Tuesday, September 16, 2014

Witches of Suburbia

Witches of Suburbia

I recently learned of an upcoming talk on the witch craze of the nineties. Hearing this brought back a lot of memories. Unless you were in the right place at the right time you may be unaware that such a thing existed, though as luck would have it, it was around this time that I was pushed out of my natural habitat to an affluent suburban town.

Witchcraft was everywhere as I entered my first year of high school. It was a huge part of pop culture, demonstrated by shows like Charmed, Sabrina the Teenage Witch; and Buffy the Vampire Slayer. The work of Gerald Gardner, built decades earlier, became cornerstones to the blooming idea. Contemporary authors like Silver Ravenwolf began spewing out colourful books that made witchcraft palatable for a generation increasingly looking for guidance on basic spells and rituals.

If you want to credit Gardner, Ravenwolf, or any of the myriad of witchcraft writers, past or present, you could easily say that it was them. You could attribute it to pop culture, sure why not? You could even mention rebellion against the church and overbearing Christian parents. Perhaps it was simply a want to return to our roots, to get back to basics- a want that I am wholly sympathetic to. It could have been any of those factors, and sure, I will agree that they all played their part. Though as someone who was around at the time, I’m entirely convinced that it was in fact just one thing that really popularized this movement.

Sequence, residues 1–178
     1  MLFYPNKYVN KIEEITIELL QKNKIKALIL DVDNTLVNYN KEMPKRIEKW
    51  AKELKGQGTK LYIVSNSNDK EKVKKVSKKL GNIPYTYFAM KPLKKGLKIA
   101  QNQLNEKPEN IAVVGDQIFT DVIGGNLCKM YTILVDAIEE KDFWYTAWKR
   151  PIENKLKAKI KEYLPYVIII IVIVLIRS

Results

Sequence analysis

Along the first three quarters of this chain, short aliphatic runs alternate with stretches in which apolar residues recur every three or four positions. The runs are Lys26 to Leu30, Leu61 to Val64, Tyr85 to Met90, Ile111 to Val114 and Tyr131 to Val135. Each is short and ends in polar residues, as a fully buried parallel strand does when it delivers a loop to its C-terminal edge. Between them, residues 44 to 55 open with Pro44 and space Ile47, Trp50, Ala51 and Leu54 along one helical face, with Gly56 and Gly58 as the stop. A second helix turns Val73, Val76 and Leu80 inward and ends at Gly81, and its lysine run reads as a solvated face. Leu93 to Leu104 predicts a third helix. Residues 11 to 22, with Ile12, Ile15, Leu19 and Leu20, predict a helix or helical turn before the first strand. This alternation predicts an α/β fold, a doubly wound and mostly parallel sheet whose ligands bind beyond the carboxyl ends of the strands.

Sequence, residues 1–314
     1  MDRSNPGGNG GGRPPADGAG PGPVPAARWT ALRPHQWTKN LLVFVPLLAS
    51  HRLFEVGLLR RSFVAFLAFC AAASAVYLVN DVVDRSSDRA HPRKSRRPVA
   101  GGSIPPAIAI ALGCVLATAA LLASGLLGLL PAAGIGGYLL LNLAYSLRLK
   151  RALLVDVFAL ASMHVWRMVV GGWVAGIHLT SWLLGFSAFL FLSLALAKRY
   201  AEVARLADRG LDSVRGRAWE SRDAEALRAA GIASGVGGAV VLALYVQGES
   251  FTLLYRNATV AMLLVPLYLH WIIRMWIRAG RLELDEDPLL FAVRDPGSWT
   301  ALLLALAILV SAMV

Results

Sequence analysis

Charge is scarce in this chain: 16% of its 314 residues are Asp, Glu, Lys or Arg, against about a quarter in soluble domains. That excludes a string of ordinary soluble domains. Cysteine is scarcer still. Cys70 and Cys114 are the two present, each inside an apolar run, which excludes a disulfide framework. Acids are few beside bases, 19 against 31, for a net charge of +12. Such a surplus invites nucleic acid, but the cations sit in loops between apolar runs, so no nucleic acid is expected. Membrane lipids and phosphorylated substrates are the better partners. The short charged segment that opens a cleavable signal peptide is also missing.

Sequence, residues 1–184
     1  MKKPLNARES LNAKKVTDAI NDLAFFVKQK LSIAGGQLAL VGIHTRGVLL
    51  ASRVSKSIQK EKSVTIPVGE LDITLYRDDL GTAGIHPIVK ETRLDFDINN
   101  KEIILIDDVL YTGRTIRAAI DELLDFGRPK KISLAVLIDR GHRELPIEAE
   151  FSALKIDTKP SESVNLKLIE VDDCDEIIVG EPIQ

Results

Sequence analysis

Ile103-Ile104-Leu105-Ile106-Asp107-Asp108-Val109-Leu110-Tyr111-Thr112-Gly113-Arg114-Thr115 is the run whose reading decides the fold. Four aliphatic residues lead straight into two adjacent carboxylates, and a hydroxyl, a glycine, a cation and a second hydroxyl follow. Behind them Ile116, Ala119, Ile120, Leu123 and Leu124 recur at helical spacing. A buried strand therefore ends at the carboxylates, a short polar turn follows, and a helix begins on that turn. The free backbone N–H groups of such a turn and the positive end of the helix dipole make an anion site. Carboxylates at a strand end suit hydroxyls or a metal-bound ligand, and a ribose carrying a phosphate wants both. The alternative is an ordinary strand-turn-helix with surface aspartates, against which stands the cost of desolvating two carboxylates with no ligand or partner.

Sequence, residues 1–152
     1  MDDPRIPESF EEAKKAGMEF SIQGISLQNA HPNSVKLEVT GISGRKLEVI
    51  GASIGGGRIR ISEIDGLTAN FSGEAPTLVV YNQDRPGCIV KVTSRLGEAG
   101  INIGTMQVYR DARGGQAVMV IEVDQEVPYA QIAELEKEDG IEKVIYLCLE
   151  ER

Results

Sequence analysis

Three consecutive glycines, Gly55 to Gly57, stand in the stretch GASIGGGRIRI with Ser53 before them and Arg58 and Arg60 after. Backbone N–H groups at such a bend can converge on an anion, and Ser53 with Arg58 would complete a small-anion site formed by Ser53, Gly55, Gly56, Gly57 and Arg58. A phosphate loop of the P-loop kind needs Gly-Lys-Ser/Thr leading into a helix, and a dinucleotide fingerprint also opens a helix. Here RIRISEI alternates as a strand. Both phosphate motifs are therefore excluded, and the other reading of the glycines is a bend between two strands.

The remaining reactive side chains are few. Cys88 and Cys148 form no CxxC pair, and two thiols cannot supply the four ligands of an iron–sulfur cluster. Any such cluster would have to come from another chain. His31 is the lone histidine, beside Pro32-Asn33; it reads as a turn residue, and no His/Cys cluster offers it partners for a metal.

Just like the Anonymous movement can be weaved back to the original inspiration of V for Vendetta, the witchcraft craze of the nineties can be directly followed back to one specific moment in cinematic history,

The Craft.

It was released in 1996. And every young witch took their inspiration from it. The witches who haunted my school halls were directly inspired by The Craft. As if to mirror the film itself there were two main conflicting characters. The natural witch, descended from a family of witches, and the erratic witch, wrestling with her demons. A supporting cast of characters naturally followed close behind.

In all honesty those witches were the first openly practicing occultists I ever met. Yes, I had read about them. I had read Spare and Crowley, hell I had read some Gardner before all of this came crashing into my world. But these high school girls had done something no one else I had ever met was willing to do. They crashed across the social norms of high school the way no punk rock kid or Goth kid could. They didn't dress differently, listen to different music, and declare that they were Christians and good. They weren't rebellious in style alone; they were willing to make that step across long before I had heard anyone, outside of my father do.

It wasn't the first time in history, obviously. And this was no putting it on the line like so many before had done; there was no literal burning at the stake in Suburbia. But they did something no student had done before in my life, they declared themselves different when different wasn't okay. They declared themselves different, and they were.

"We are the weirdos, mister."

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